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I am currently going through the Cohen-Tannoudji quantum mechanics volume 2 textbook. I have reached the addition of angular momenta and am working on a complement in the book. The book is explaining how to find the |1,0> vector in the |J,M> basis. In this situation we have two particles both with orbital angular momenta equal to 1.

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The book says it is interesting that a certain vector is not present in the |1,0> and while I understand mathematically why it is absent, I am not understanding why physically this would occur. Could anyone try and provide some reason why this is? I am assuming it has something to do with the singlet and triplet states, but I am unsure!

Thanks for any help in advance!

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    $\begingroup$ One way of seeing it is by considering permutation symmetry of the states. Notice that for that case, states with $J=2,0$ are symmetric under permutation while the states with $J=1$ are antisymmetric. Hence the absence of $| m_1 = 0,m_2=0 \rangle$ in the $|J=1,M=0\rangle$ state. $\endgroup$ – secavara Jan 30 '18 at 21:24
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This is sometimes due to symmetry arguments. In the case of the $\vert 1,0\rangle$ state, the contribution from the coupled state $\vert 10\rangle_1\vert 1 0\rangle_2$ is clearly symmetric under permutation of particles but the states in the $L=1$ irrep arising from the coupling $(\ell_1=1)\otimes (\ell_2=1)$ must be antisymmetric, so must contain only state antisymmetric w/r to permutation of particles. This justifies the absence of $\vert 10\rangle_1\vert 1 0\rangle_2$.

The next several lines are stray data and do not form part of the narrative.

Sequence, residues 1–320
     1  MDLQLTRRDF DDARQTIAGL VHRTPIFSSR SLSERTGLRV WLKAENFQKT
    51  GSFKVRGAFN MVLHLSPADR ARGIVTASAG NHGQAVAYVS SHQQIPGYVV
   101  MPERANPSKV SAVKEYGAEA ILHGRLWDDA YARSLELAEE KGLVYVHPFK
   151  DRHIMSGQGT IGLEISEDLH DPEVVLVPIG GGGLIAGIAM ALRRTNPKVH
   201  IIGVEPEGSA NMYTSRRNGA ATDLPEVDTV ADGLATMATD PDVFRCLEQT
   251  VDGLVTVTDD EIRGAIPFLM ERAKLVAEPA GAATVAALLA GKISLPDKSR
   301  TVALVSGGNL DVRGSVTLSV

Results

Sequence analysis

There are accidental zeros of the CG coefficients. As the name implies, there appears to be non reason for them other than some accident of the summation.

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From a tensor perspective, the $l=1$ vectors are:

$$ e^+ = -\frac{1}{2}(x + iy) $$ $$ e^0 = z $$ $$ e^- = \frac{1}{2}(x - iy).$$

These are eigenvector of $z$-rotations (on the unit sphere, they are the $l=1$ spherical harmonics-up to normalization). It's pretty clear that the dyad:

$$ e^0e^0 = zz $$

Now, decomposing a tensor into its invariant subspaces, the scalar part is:

$$ T^{(0)} = \frac{1}{3}\delta_{ij}T_{ii} \rightarrow \frac{1}{3}\delta_{ij}\propto Y_0^0,$$

where the last one has been evaluated for $zz$.

The vector part is antisymmetric:

$$ T^{(1)} = \frac{1}{2}(T_{ij}-T_{ji}) \rightarrow 0.$$

Per ZeroTheHero, $zz$ is totally symmetric under index interchange, and hence has no antisymmetric part.

The so-called natural-form (trace-free, symmetric), or pure rank-2 part of the tensor is:

$$ T^{(2)} = \frac{1}{2}(T_{ij}+T_{ji}) - T^{(0)}\rightarrow (2zz-xx-yy)/3 \propto Y_2^0.$$

The point here is that when constructing rank-$N$ Cartesian tensors, their (rotationally) invariant subspaces have the exact same form as the quantum spin combinations of $N$ vector particles--so understanding one can help with the understanding the other.

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